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Thread: sutta study: The Four Nutriments of Life

  1. #1
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    sutta study: The Four Nutriments of Life

    dear forum

    the Buddha's teaching of the Four Nutriments (ahara) has always intrigued me

    for many years i wondered what this teaching is actually about? what is its purpose?

    the Buddha was certainly not one to waste words

    so i thought to start this thread inquiring into the sutta and especially the similes used

    i sense by comprehending the similes the relevant understanding may arise

    with metta

    element

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    Introduction:

    Question 1: What is meant by the sentence "for the sustenance of beings born and for the support of beings seeking birth"?



    There are, O monks, four nutriments for the sustenance of beings born and for the support of beings seeking birth. What are the four?

    Edible food, coarse and fine; secondly, sense-impression; thirdly, volitional thought; fourthly, consciousness.

    Puttamansa Sutta: A Son's Flesh
    Last edited by Element; 19 Sep 11 at 02:22.

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    Nutriment #1: Edible food, coarse and fine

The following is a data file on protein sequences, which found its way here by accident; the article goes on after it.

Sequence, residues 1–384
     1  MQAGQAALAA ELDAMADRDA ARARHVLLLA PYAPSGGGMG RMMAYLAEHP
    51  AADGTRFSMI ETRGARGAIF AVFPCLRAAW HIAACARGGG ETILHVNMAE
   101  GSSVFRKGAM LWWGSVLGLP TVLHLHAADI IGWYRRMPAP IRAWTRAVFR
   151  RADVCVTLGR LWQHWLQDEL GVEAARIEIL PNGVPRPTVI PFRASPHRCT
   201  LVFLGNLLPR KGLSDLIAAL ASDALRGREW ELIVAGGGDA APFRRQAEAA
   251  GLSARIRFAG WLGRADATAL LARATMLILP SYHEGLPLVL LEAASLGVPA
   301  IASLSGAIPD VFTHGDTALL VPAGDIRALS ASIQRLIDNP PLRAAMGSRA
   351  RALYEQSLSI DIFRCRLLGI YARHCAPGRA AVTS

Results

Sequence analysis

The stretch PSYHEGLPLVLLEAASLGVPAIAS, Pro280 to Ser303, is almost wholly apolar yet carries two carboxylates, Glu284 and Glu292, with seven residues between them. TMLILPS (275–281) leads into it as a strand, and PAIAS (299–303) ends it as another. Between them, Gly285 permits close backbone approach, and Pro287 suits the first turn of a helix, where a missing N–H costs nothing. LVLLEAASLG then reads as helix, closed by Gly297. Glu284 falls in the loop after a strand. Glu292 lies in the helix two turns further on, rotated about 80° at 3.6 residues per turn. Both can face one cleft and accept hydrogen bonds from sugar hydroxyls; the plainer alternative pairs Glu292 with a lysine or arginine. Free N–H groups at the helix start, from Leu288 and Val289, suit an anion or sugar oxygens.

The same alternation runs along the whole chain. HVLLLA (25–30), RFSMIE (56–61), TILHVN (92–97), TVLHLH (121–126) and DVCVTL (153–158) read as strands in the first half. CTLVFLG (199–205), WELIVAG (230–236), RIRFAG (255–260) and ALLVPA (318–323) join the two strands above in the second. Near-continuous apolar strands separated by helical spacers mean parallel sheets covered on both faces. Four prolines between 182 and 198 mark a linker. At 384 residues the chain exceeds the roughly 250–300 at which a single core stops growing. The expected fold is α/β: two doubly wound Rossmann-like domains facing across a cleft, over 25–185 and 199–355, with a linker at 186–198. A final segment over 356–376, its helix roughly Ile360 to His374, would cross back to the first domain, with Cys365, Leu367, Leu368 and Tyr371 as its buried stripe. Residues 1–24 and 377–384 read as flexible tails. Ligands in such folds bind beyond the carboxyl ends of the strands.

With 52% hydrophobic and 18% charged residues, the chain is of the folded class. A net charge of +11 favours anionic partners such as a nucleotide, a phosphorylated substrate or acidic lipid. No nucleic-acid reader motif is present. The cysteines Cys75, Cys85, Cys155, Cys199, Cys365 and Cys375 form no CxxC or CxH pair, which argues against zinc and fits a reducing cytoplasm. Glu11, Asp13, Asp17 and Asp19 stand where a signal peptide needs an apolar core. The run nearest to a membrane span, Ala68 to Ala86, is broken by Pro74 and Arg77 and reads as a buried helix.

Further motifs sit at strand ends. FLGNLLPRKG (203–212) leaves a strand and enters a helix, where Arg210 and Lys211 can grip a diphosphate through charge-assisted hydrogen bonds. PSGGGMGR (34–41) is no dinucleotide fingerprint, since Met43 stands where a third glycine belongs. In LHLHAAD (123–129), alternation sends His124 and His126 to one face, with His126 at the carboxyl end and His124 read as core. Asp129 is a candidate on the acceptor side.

The discourse on the first nutriment may offer some insight into this sutta, given the message of the simile is quite clear and straightforward



    How, O monks, should the nutriment edible food be considered?

    Suppose a couple, husband and wife, have set out on a journey through the desert, carrying only limited provisions. They have with them their only son, dearly beloved by them. Now, while these two traveled through the desert, their limited stock of provisions ran out and came to an end, but there was still a stretch of desert not yet crossed. Then the two thought: 'Our small stock of provisions has run out, it has come to an end; and there is still a stretch of desert that is not yet crossed. Should we not kill our only son, so dearly beloved, prepare dried and roasted meat, and eating our son's flesh, we may cross in that way the remaining part of the desert, lest all three of us perish?'

    And these two, husband and wife, killed their only son, so dearly beloved by them, prepared dried and roasted meat, and, eating their son's flesh, crossed in that way the remaining part of the desert. And while eating their son's flesh, they were beating their breast and crying: 'Where are you, our only and beloved son? Where are you, our only and beloved son?'

    What do you think, O monks? Will they eat the food for the pleasure of it, for enjoyment, for comeliness' sake, for (the body's) embellishment?

    Certainly not, O Lord.

    Will they not rather eat the food merely for the sake of crossing the desert?

    So it is, O Lord.

    In the same manner, I say, O monks, should edible food be considered. If, O monks, the nutriment edible food is comprehended, the lust for the five sense-objects is (thereby) comprehended. And if lust for the five sense-objects is comprehended, there is no fetter enchained by which a noble disciple might come to this world again.

    Puttamansa Sutta: A Son's Flesh
    Last edited by Element; 18 Sep 11 at 23:41.

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    Nutriment #2: Sense Impression



    And how, O monks, should the nutriment sense-impression be considered?